December is the worst. The Holiday season is a time for family, friends and good cheer! It’s not a time for watching videos about the state of the world. Unlike my likely disproved theory of the summer slump, I’ve got two years of empirical verification of the end of year crash in viewership. The graph of this month’s views is super depressing. A very strong start followed by a steady petering out.
I did know to expect this, however. The same thing happened to my usually robust initial FATCA video in December of 2013, so it wasn’t too depressing to see it happen. It was a fun month of videos though, featuring collaboration, new approaches, and new subject matter. Though I didn’t know it at the time December began my longest period without flying anywhere since the 1990s. Budgetary constraints brought a forcible end to my globe trotting, but I think it was great for the channel. I have spent most of the past six months in a very small room, building my skills and thinking about ways to broaden my reach. There are many worse places to be marooned than Istanbul.
December’s first video was produced in Connecticut at the tail end of my Thanksgiving trip home. Family friend and fellow Istanbul-ite Alev Scott (buy her book!), and my super talented brother (admire his works!) were kind enough to contribute to this long delayed return to the topic of FATCA. This vid on FATCA’s effect on the United States rather than the rest of the world was well received, and gave me my first day over 700 views since July. Next up I did a video on Mary Shelley and how odd it is that she is still viewed as less important than her husband. This was my first foray into literary criticism. I really like how the vid came out, but it took an incredibly frustrating 5 months to crest 100 views. At the time I usually hit that mark in days or weeks, and now occasionally hit it in a number of hours. I want to do more in this vein, but I will have to think harder about how to make the vids easier to discover.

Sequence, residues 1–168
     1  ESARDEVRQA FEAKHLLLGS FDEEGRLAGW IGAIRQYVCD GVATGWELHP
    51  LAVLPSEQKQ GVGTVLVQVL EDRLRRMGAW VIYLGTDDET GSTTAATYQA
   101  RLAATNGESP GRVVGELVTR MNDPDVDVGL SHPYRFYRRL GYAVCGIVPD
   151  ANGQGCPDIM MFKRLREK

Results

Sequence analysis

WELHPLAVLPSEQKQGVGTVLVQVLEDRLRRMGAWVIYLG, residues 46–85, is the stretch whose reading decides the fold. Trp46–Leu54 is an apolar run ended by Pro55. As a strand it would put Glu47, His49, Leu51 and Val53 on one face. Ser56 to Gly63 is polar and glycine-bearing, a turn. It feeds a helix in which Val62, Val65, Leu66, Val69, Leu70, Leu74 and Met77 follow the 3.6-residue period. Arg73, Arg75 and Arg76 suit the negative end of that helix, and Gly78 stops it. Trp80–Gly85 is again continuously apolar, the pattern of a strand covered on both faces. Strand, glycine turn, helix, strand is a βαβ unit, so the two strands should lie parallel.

I had long been toying with the idea of partnering with NGOs on videos, and this collaboration with The Sentencing Project, a criminal justice reform NGO, was my first effort. It’s also the last so far. As of this writing it is among the 8 of my 97 videos that have failed to crest 150 views. It may have been the curse of December, or the fact that it’s kind of a crap video (poorly lit, trying to accomplish too many things) but regardless I haven’t felt the need to repeat the experiment. Next up, improv buddy Andrew McCormick (Come See our Shows!) helped me produce a strongly libertarian take on what we should be learning from the Torture Report. My almost instant reaction to Obama’s announcement of a path towards regularization of relations with Cuba was the best viewed of my late December vids. I like to put more effort into my videos, but more timely reaction videos tend to open very well. Next up was a weird combination of a holiday thank you video and a sad reaction to Rudy Giuliani’s attempts to politicize the murders of two New York police officers. Finally I closed the year with a meditation on mass murder and how best to stop it. December was my most prolific month to that point.
The views were disappointing, as I mentioned above. They fell from 7,182 in November to 5,785. This was actually worse than it looks. Half of the month’s views came in the first week. Of the top 5 vids, only one, the new FATCA video, was produced in December. Only two of the seven videos broke 100 views in the first day, and two of them still haven’t broken 200 views six months later. In early December we did finally break 500 subscribers after hovering in the 400s for almost three months, which was nice. At the end of December we had 65 videos, all of which were watched at least 3 times, 51 of which were watched over 10 times, 13 of which were watched over 100 times, and one of which broke 1,000 views for the month (FATCA again). By the end of this month I had decided that if things didn’t change dramatically, and soon, it was time to give up and start looking for another legal job…